Asset Allocation

Alternatives the winner of long-term allocation shifts

Allocations to alternative investments of the largest seven pension markets globally (P7) have increased by 15 per cent over the past 16 years, according to Towers Watson.

Carl Hess, Towers Watson’s global head of investment, says the study reflects two investment themes in the past few years: globalisation and diversification.

While alternatives have increased as part of this diversification trend, in part he says, the increase has also been due to “packaging and mainstreaming” of the products.

The average asset allocation to alternatives has increased from 5 to 20 per cent from 2005 to 2011, with a corresponding reduction in equities, bonds and cash.

The US has seen the largest change to its alternatives allocation (5 to 25 per cent), followed by Switzerland (9 to 28 per cent), Netherlands (1 to 14 per cent) and Australia (14 to 24 per cent).

According to the Towers Watson Global Pension Asset Study, the aggregate P7 asset allocation at 2011 was 41 per cent equities, 37 per cent bonds, 20 per cent alternatives and 2 per cent cash.

This contrasts with the 1995 allocation of 49 per cent equities, 40 per cent bonds, 5 per cent alternatives and 6 per cent cash.

In particular the allocation to equities in the UK has dramatically fallen, from 67 to 45 per cent over the past 10 years.

Hess says he believes equities across the globe remain high, and “questions whether bond allocations could be up a bit more”.

“Many funds will be de-risking in the next 10 years,” he says.

Another investment trend has been a reduced home bias in equities, with the weight of domestic equities in pension equity portfolios falling on average from 64.7 per cent in 1998 to 48.1 per cent.

The US still invests the least in overseas equity markets, and Canada has the lowest level of home bias.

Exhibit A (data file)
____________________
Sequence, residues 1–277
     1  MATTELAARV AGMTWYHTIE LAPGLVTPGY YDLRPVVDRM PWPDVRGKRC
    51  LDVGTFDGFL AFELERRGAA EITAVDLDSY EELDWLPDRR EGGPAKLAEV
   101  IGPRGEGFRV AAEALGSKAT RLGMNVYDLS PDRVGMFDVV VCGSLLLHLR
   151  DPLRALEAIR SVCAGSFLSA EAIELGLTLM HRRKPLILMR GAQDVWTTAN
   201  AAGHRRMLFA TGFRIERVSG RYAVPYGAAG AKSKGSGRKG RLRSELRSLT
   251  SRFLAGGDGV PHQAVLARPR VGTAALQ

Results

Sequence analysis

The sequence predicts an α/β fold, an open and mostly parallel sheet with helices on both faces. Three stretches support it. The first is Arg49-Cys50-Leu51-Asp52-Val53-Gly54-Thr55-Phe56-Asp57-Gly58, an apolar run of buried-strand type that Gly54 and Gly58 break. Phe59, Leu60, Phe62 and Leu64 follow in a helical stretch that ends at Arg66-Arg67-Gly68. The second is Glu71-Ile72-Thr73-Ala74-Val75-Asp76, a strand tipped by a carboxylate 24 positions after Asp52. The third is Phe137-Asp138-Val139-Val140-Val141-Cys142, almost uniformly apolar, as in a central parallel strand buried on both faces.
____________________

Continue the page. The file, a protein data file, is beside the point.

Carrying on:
Consistent with the defined contribution nature of the market, Australia has a higher than average allocation to equities, while Japan and the Netherlands has a higher than average allocation to bonds.

In the past 10 years defined contribution assets of the largest seven pension markets has grown from 38.3 to 43.1 per cent.

Australia has the largest defined contribution proportion, with 81.1 per cent of the market in defined contribution.

In the UK defined contribution has grown from 8 to 39 per cent of the market in the past 10 years, and in the Netherlands that has grown from 2 to 7 per cent.

Towers Watson’s annual study shows that assets of the 13 largest pension markets accounted for $27.509 trillion, representing a 3.9 per cent rise from the year before.

The largest pension markets are the US (58.5 per cent of the total pension assets in the study), Japan (12.2 per cent), UK (8.7 per cent), followed by Canada, Australia, the Netherlands and Switzerland.

Australia has had the highest growth rate in the past 10 years, followed by South Africa, Brazil and Hong Kong.

Hess says that the global ageing phenomenon will be a key theme for all pension market in the next 20 years.

“That demographic, and the fact they are more conservative with money, will impact markets in the next 20 years.”

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